The message of your story "Manure Maneuver" (July 19) seemed to be that the government was imposing paperwork on dairy owners who are already doing all they can to keep cow manure out of our streams. That may or may not be true of the two dairy owners you interviewed but it is not true generally. According to the EPA, agriculture and urban run-off are the two top factors delivering pollution to America's rivers and estuaries. The North Coast Water Quality Control Board tells us that agricultural pollution is among the top factors impairing water bodies on the North Coast and within the Klamath River Basin.
It has been over 30 years since the Clean Water Act became law. It is high time that agricultural operations begin to comply with a law that other businesses have had to deal with for over 30 years. When a dairy or anyone else pollutes our public waters they are imposing a cost on those who rely on clean water ... in other words, they are imposing a cost on all of us. That is simply not right.
Agricultural operations get all kinds of help complying with the law; ag operators should stop complaining and start complying with the Clean Water Act just like every other business in the USA.
Felice Pace, Klamath
Zach St. George's article "Manure Maneuver" provided a good glimpse into the life of local dairy families and some of the challenges they face trying to make a living off the land in a sustainable, responsible way. As St. George mentioned, over the past 11 years almost half the family-owned dairies in the county have called it quits because of increasing costs and regulations.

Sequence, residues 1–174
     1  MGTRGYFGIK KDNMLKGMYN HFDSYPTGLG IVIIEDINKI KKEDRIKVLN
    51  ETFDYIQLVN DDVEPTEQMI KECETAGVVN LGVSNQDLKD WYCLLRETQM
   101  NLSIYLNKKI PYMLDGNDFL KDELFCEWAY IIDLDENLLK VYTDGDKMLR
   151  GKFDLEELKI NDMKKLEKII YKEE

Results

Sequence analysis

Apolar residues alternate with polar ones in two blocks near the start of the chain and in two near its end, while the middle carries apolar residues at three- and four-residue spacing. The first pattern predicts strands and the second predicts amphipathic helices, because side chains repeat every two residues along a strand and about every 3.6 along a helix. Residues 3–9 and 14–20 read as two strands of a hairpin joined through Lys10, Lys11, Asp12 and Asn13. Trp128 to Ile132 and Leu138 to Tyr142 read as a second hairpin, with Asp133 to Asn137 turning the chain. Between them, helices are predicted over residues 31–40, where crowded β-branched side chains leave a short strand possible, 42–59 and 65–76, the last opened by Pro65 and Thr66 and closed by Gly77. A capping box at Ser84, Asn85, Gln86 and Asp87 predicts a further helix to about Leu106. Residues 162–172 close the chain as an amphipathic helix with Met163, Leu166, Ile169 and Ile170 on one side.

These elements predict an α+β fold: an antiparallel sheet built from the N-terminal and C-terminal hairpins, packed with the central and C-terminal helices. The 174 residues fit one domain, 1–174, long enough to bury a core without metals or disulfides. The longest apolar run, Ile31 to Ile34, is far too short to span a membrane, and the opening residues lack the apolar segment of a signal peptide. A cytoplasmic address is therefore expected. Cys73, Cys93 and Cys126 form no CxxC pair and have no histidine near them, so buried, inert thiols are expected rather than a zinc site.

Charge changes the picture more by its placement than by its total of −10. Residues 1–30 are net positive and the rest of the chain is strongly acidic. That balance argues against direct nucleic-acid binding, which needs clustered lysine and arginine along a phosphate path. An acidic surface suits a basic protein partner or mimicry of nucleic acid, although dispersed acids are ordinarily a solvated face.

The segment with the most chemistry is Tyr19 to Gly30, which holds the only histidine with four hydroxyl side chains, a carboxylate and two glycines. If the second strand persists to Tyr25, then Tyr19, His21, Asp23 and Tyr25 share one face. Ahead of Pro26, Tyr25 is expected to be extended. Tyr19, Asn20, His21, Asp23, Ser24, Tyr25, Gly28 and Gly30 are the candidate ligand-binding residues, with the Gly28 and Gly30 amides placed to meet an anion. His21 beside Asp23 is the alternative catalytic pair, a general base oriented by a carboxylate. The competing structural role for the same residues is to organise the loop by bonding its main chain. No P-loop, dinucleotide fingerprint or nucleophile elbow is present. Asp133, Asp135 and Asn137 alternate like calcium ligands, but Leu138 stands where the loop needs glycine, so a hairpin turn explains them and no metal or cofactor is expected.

As executive director of the Humboldt County Resource Conservation District, I want to get the word out that there are local efforts to help dairy producers meet the new regulations from the North Coast Regional Water Quality Control Board. Back in March of this year the board and staff of the Headwaters Fund heard the dairy community's concerns about the new regulations. To support Humboldt's dairy industry, the Headwaters Fund partnered with our local Resource Conservation District (RCD) to help folks with the new permit process.
Since then, with Headwaters support, the Humboldt County RCD has been collaborating with dairy producers, other RCDs up and down the north coast, the Regional Water Board, Western United Dairymen, the Farm Bureau, UC Cooperative Extension, California Dairy Quality Assurance Program, and California Department of Food and Agriculture to host workshops and provide one-on-one assistance with completing paperwork and navigating the new regulations.
The new dairy regulations can be confusing. For example, to clarify one point in St. George's article -- dairies with more than 700 cows are eligible for coverage under the waiver, provided they pose a low risk to water quality and have a nutrient management plan. If you are a dairy producer looking for help with the process, please contact your local Resource Conservation District.
Donna Chambers, Hydesville